- Elzam and Arado are among the few human characters who can withstand it. Elzam, being a Chef of Iron, isn't intimidated by so-called "bad food" (he went so far as to name all of the ingredients; granted, it was in the Alpha games, who have almost no translations at all), and Arado's undergone so much gene modification that he can consume almost anything that's generally edible.
- Surprisingly, Heero Yuy drank it in Alpha 2 without passing out; of course, he's Made of Iron, so it wouldn't be surprising if he had a cast-iron stomach. Which makes Masaki Andoh's reaction of completely passing out even more hilarious, seeing as how he and Heero share a seiyuu.
- Divine Wars follows up on this for more hilarity: After using a Cyflash to take out the Divine Crusaders' enemy forces at Aidoneous Island, he is exhausted due to how Cybuster's attacks work (long story). Since Cybuster is still needed, Shiro and Kuro produce a bottle of Kusuha's health drink; Masaki immediately recovers in order to avoid the health drink.
- Even aliens who happen to be stone-cold badasses are not necessarily immune; Ingram had a few moments of what must have amounted to an alien version of "oh god oh god I'm gonna die". Although, the Divine Wars version of this incident had Ingram sound like he was having a giant orgasm.
- Lamia Loveless, an android, is incapacitated by the drink. Her first assumption is that they found out she was a spy and tried to poison her. Actually, she suspected as much before drinking it, but was absolutely positive afterwards.
- Come 2nd Original Generation, Ing Egret and Ventus said that the drink is delicious. When Michiru Hanaten drinks it, he claims that it's so bitter though he doesn't pass out but that was because it was only a super mild edition.
- World of Warcraft
- The game has you construct several of these on various quests. How potent they truly are really depends on what level the quest is, although the quest giver will always act like it's the strongest stuff out there.
- The actual Gargle Blaster of the game is the Sulfuron Slammer. It's so strong, it sets you on fire when you drink it.
- To quote Harkkan; "Thundermar ale is 220 proof; I don't know how that's possible."note
- There's the new Tikaria & K.A.Y.T.. It consists of Troll Rum, mixed with Kiwi, Apple, Yellow #42 and Tangerine.
- Banana Infused Rum is something you can make if you study Way of the Brew in Pandara and max out the skill. It requires not only bananas and rum (of specific brands) but Witchberries, a silkworm Pupa, and Black Pepper. Drinking it actually turns you into a Hozen Pirate for thirty seconds. (Remarkable in that Hozen are monkey-like humanoids.)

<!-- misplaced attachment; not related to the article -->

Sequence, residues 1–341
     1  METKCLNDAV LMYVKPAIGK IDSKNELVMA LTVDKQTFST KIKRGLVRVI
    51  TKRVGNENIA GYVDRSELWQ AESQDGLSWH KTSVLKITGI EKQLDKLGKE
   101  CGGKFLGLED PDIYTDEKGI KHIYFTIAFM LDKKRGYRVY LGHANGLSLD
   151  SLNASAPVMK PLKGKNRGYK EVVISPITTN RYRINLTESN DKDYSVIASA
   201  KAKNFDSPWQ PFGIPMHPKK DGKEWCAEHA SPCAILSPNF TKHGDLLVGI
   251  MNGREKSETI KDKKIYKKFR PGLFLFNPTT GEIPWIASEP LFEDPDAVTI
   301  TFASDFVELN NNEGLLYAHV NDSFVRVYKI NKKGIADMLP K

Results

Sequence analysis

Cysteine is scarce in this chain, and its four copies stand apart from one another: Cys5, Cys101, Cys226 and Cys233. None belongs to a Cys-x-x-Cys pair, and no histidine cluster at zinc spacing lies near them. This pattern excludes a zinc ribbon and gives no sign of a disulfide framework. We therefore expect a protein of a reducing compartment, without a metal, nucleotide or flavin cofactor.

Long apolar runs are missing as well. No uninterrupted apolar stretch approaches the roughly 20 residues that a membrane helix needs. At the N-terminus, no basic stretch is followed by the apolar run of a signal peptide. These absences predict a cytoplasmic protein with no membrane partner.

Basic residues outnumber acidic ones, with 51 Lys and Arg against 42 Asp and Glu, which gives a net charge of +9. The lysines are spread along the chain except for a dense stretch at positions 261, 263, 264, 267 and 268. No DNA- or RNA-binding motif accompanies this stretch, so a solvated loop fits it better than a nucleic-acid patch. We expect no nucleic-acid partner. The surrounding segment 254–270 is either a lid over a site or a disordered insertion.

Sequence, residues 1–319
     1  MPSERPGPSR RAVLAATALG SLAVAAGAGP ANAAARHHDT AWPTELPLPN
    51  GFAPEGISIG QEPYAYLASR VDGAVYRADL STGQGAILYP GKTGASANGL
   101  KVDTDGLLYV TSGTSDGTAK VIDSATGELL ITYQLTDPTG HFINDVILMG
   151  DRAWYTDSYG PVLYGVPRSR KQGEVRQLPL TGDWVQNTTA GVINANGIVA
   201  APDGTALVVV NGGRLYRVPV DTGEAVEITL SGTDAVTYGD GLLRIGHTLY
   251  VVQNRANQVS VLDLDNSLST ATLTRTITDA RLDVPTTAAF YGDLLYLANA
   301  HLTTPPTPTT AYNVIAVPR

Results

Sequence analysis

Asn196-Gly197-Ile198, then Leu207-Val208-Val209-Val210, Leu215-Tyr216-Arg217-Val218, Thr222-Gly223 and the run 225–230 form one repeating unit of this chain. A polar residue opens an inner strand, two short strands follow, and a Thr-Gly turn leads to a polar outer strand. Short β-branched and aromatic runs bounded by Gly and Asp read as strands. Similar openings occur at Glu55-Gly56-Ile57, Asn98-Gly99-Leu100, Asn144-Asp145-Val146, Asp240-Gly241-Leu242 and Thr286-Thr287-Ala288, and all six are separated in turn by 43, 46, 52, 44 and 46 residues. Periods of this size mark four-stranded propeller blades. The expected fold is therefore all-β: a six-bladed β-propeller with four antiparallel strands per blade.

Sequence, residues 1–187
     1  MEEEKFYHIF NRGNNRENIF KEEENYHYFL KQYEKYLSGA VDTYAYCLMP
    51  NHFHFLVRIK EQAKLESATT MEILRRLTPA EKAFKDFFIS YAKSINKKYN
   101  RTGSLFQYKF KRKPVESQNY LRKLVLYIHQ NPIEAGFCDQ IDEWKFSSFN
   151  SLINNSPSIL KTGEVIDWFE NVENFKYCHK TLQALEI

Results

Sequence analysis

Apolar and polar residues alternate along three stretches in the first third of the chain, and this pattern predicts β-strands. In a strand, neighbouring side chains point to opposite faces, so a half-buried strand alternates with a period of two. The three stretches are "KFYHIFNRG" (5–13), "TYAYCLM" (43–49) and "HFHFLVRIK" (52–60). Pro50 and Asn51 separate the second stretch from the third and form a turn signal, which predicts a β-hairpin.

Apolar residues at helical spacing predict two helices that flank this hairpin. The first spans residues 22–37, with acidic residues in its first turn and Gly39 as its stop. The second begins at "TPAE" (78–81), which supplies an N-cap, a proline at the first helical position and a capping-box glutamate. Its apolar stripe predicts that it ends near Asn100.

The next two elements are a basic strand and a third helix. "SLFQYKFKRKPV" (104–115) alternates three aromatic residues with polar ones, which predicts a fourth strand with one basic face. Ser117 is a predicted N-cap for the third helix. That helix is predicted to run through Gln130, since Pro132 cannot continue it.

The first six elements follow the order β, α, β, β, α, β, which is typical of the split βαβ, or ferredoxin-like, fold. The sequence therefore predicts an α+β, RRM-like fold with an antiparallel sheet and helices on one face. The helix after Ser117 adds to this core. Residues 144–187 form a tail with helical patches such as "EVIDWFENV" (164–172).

- Gemstone IV introduced a blackout-inducing drink called Eldreth's Death-rum, based on a real player-made concoction served during a gaming convention room party. Several employees watched as a brave attendee offered to try the stuff, pronounced it "not that bad" and started to walk away with no ill effects — before suddenly dropping to his knees five steps later.
- The potion maker in The Legend of Zelda: The Wind Waker uses a welding mask as described above when mixing up new potions. The process also involves small explosions and clouds of colored smoke. Link burps up a small puff of colored smoke after drinking one.
- Kingdom of Loathing has a number of potent alcoholic beverages.
- Such as the Pan-Dimensional Gargle Blaster. Drinking it gives you the message "You feel like your head is a gold brick with a slice of lemon wrapped around it."
- However, this drink is a failed inversion of the trope. The Pan-Dimensional Gargle Blaster is designed to cause absolutely none of the traditional Gargle Blaster effects; it shunts all of them to an Alternate Self in a parallel universe (hence the name). Unfortunately, it turns out that if you're the sort of person who would drink one, the odds are amazingly good another you will be drinking one at the same time, so...
- There are a number of suitably dodgy drinks available in the clan dungeon Hobopolis, including fermented pickle juice, "squeeze"note and the booze available from the hobo marketplace in the Hobopolis Town Square.
- When raiding the mini-fridge in the sunken party yacht at Spring Break Beach, you can find the Ultimate Mind Destroyer, which does exactly that. You can't drink it yourself, but you can give it one of the shop owners at the beach, causing them to completely forget whatever quests you did for them.
- Such as the Pan-Dimensional Gargle Blaster. Drinking it gives you the message "You feel like your head is a gold brick with a slice of lemon wrapped around it."
- When the MMO Asheron's Call added brewing as an Item Crafting ability it became possible to brew "Tusker Pus", a beer so horrible it does 9999 damage when drunk, several times more damage than a player character can possibly have hit points.
- If you go to visit the nurse's office in Persona 3 while tired or sick, the whackjob who runs it (who also teaches a class on magic, mind you) offers you a concoction that is made of a number of poisonous substances and some good-luck charms (including rabbit's feet... in a drink). If you choose not to drink it, he gives you actual medicine; if you drink it, it boosts your Courage, because he congratulates you on having the guts to try.
- White Gull is one of the few potions The Witcher can brew that isn't instantly lethally toxic to mortals. It can be brewed from any alcohol available, and makes the ideal base for any other potions. Even with his witcher resistance to toxins, just one will make Geralt drift across the floor like a bobber on a fishing line, two will get him 86'd to wake up on the cobbles. Non-witcher humans won't get through one. There is no canonical evidence of how much a dwarf can drink. It's sometimes used as an anaesthetic on those already near death.